The third Crackerjack film has a third star in the lead role, this time stooping to Bo Svenson. Here, a group of retired spies try to recover a stolen neutron bomb. The film is dull and talky, with poorly staged action scenes and the only entertainment value is spotting the logical errors and plot holes. There's not enough to make it truly enjoyable, just irritated that no one bothered to put some effort behind this.

Crackerjack 2 (1997)

aka Hostage Train

How bad is it? It's one of the worst "Die Hard" rip-offs.
Should you see it? Not really.

The original Crackerjack was just okay, but this sequel is an exact copy (excepting quality) of "Die Hard" - or maybe "Under Siege." This time it's up to Judge Reinhold (poor casting) to rescue Carol Alt (poor casting) and others from Michael Sarrazin (okay casting, but Chris Plummer did the original) from a train held hostage in a tunnel. North American Pictures seems to have made a bunch of similar films. The fight scenes are poor; Reinhold pauses to do martial arts poses, which just reminds you that he's in his underwear... and is Judge Reinhold. This has no connection to the first film, except for the name of the main character and it's best attribute is that it's not Crackerjack 3, which is way worse.

Saturday, July 18, 2015

Interview: Ira Brooker

Ira caught my attention when I saw in a post on "Rupert Pupkin Speaks" that, like me, he'd seen "Godmonster of Indian Flats" - and liked it. Then I saw that we live in the same town and had some other common interests. He's gainfully employed as a writer and editor, is married with a child and has a group of long-term friends he keeps close; in other words, he's a successful version of me.

This interview, unedited, was done on Twitter.
I haven't done an interview on my blog in quite a while. Would you care to answer about 10 questions on the subject of bad films?
I'd love to! I'm working on a profile of local trash film series right now, so it'd be good for my street cred. Thanks for asking.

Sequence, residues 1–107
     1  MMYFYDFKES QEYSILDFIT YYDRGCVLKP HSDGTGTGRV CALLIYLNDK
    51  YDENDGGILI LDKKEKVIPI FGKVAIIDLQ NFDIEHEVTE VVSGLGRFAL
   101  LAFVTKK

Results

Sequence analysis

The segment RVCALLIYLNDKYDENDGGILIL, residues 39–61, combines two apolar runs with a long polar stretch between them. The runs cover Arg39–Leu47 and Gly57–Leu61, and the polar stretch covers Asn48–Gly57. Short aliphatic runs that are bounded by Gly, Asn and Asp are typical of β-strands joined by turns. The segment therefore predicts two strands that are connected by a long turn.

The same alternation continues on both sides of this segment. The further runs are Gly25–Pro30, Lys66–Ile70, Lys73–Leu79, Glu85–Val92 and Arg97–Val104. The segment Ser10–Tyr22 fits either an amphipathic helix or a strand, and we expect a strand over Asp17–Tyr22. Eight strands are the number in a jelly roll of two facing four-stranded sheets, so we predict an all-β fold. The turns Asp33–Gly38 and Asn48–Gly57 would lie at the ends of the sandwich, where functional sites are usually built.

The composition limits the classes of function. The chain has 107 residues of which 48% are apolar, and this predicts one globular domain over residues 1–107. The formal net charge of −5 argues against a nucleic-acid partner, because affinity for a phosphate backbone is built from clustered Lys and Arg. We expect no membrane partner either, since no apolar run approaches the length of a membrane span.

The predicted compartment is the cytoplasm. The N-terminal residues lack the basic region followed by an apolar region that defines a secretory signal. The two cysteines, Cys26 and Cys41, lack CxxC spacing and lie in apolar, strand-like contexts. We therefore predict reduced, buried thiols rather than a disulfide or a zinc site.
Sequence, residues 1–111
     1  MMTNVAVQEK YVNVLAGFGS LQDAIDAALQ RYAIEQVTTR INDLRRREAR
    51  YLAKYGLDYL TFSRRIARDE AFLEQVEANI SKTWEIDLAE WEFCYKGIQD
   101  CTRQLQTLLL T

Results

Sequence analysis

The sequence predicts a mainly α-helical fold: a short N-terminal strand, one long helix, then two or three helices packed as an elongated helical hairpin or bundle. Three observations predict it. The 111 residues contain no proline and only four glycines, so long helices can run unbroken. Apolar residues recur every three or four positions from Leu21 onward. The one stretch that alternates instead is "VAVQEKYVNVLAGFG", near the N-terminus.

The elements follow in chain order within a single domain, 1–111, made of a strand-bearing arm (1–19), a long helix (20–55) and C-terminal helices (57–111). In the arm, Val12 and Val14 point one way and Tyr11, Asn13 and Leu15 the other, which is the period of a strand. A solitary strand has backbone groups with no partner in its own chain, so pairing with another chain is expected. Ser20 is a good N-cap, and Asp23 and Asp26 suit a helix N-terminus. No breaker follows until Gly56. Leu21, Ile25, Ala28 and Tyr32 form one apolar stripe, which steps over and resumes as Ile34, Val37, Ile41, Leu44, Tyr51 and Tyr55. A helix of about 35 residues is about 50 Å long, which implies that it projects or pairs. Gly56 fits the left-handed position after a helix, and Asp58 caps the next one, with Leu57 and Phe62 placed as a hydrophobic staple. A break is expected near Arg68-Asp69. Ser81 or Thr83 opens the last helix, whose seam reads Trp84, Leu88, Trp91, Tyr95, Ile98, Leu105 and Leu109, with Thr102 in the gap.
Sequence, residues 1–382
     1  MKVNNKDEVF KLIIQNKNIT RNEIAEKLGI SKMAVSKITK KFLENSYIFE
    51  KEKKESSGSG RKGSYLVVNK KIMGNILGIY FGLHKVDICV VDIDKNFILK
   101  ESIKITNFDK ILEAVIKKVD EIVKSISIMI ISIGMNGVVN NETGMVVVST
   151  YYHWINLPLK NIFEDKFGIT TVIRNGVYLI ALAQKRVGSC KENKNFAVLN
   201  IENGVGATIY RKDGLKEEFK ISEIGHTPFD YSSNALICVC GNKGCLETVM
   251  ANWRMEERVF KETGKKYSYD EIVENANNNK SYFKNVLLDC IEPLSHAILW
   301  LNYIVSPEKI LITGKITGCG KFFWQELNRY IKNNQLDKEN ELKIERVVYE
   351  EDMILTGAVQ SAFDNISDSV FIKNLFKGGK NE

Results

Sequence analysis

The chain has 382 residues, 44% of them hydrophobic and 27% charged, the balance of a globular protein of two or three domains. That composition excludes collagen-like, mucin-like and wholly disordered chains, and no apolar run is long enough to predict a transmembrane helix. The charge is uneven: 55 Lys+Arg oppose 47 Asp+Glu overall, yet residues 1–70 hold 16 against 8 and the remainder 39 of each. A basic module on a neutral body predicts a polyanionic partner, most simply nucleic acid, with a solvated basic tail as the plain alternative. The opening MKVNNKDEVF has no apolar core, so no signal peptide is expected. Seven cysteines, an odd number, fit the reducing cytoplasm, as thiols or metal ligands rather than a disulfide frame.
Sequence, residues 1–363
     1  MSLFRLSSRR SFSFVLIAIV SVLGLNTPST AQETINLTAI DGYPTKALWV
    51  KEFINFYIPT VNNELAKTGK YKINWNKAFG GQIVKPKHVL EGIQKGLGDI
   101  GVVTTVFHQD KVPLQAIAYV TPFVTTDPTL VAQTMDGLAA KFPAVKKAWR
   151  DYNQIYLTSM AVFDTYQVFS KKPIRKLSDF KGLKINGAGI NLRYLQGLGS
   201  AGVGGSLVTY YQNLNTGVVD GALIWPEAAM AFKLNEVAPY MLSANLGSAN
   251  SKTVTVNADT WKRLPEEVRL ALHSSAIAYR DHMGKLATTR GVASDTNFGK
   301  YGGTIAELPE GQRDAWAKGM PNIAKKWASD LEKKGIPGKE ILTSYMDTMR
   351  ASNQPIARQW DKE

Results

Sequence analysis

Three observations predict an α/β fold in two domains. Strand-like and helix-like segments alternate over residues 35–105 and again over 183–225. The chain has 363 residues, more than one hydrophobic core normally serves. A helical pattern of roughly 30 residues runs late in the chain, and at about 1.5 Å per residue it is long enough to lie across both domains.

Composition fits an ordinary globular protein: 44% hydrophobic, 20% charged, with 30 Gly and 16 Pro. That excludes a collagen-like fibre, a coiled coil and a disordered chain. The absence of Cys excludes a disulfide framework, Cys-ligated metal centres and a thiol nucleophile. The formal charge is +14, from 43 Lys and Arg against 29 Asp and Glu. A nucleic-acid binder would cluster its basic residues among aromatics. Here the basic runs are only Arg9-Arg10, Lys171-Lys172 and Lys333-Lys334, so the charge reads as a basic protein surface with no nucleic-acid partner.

The warm-up task: 1) In five minutes, name as many prolific directors as bad as Ed Wood as you can.
With the caveat that I genuinely appreciate most of these folks, William Beaudine, Andy Milligan, Michael and Roberta Findlay, Ray Dennis
Steckler and Coleman Francis.
Oh, can I scratch Steckler in favor of Dwain Esper?
And swap the Findlays for Al Adamson?
Oh wait, I misread the question. No need for swapping. Although I'm having second thoughts about calling the Findlays bad. Ah well.
2) You may have seen more Andy Milligan films than anyone else. Why?! Is it like when I watched all 250 films with John Carradine in them?
I don't know if it's quite the same. I'm a bit of a Carradine hound too, but when I watch even his worst movies I'm waiting for the splash
of beautiful, bloviating Carradinery I know is coming. It's fun. Andy Milligan movies are not fun. But I love watching them anyway, because
Milligan was such a unique voice with an inimitable personal style. His world is hateful and ugly and horrifying and I find all of that
fascinating. None of his movies works more than sporadically as entertainment but a good number of them work as art.
(There are still a handful of surviving Milligan films that I haven't seen, but only because I haven't been able to track them down.)